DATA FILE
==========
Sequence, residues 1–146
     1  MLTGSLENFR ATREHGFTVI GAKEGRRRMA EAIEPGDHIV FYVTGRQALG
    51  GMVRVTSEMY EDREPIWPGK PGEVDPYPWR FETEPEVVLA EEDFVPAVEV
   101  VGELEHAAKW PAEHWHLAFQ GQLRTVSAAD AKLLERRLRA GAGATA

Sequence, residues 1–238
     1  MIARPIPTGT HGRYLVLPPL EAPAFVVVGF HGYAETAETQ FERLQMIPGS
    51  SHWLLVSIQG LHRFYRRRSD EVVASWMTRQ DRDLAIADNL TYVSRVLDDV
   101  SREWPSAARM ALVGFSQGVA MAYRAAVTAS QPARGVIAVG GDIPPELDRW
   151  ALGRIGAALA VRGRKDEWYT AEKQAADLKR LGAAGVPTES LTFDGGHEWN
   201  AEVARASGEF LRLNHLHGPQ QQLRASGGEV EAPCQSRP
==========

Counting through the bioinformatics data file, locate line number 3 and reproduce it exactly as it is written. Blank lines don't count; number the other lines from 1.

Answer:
    51  GMVRVTSEMY EDREPIWPGK PGEVDPYPWR FETEPEVVLA EEDFVPAVEV